September 2021

Overview of Road Funding and Where Your Taxes Go

by zach friend, County Supervisor

One of the most common service requests the County receives centers around the condition of a road or road repair. Often, we are asked, “where do my taxes go?” “Why are the roads in the condition they are in?” After all, many residents pay thousands every year in property taxes and want to know why those funds aren’t being used to repair roads (or repair more roads).

Here is an overview of our local roads, the costs to maintain them, their current conditions and where your taxes go.

How large is the road network?
First, it’s important to understand the size and scope of the road network that County maintains. There are approximately 600 centerline miles in the unincorporated county. Centerline miles
represent the total length of a given road from its starting point to its end point. Just to put it in perspective, this is about the same distance as driving Watsonville to Vancouver, Canada.

What are the current conditions of our roads?
Roads have different designations – such as arterials, collectors and local roads. An example of an arterial road would be Soquel or Freedom Blvd. Collectors would include Sumner or Clubhouse and local roads are the roads you most likely live on (residential roads). Most roads are local roads (comprising over half of the total centerline miles in the road network). Our district (the 2nd District) has 30 percent (the largest number) of centerline miles in the unincorporated county.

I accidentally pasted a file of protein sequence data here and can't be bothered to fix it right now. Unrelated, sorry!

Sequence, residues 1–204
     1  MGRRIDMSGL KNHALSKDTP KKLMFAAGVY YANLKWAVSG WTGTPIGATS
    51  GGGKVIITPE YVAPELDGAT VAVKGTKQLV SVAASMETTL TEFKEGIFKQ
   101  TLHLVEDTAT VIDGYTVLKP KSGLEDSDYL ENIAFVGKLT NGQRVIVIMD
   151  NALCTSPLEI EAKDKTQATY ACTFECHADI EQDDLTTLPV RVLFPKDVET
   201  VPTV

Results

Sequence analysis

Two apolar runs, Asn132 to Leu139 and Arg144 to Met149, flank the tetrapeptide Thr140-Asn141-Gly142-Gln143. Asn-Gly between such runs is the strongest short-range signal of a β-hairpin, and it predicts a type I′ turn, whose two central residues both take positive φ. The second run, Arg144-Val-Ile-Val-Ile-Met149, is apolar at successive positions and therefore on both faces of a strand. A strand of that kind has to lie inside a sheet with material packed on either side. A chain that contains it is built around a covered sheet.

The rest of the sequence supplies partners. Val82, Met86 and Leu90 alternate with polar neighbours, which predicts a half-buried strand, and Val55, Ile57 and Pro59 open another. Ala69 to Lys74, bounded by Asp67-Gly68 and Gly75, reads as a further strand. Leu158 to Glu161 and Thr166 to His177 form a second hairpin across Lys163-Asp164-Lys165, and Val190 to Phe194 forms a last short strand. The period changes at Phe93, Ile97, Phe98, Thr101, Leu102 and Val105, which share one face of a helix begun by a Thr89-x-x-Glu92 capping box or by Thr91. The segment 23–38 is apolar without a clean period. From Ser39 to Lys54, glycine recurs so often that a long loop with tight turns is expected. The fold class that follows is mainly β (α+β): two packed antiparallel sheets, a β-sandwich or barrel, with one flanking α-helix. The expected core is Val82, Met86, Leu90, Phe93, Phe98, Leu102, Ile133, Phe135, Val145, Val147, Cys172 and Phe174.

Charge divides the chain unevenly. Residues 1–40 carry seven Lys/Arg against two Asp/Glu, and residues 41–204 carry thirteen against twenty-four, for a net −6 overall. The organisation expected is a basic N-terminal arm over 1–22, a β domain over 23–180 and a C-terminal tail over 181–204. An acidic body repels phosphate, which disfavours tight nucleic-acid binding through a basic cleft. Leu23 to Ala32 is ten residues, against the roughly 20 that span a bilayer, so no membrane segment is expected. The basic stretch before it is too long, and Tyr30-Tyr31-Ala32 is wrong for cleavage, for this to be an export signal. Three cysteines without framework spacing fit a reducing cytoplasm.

The Pavement Condition Index (PCI) measures the condition of a road. Think of it as a test score on a scale of 0-100. Generally speaking, anything over 70 is a road in good condition. A road between 45-65 is in fair condition and below 45 is in poor condition. For arterials in the unincorporated county, the PCI is 64. The PCI for collectors is 54 while the PCI for local/residential roads is the lowest at 40.

What does it cost to maintain or repair the roads?
While construction costs are constantly fluctuating, one thing that is constant is that it’s much cheaper to maintain a road in good condition than to repair and rebuild a road in poor condition. According to Public Works, here are the costs per mile for doing road work on a road in good, fair, poor and failed condition.

For a road in good condition, to do a single layer seal with no digouts, it costs approximately $141,000 per/mile. For a road in fair condition (with a PCI somewhere in the 50-70 range for example), it would cost about $352,000 per/mile for a multilayer seal with digout work. This is the average range for our arterial roads.

For a road in poor condition, $563,000 per mile and includes a full overlay and digouts. Many of our local roads and some of our collectors fall into this category. For a road in failed condition, which includes many roads in the rural areas (including the Aptos hills) as well as some of the agricultural areas in Corralitos and some local/residential roads the cost for full reconstruction is close to $1.1 million per/mile.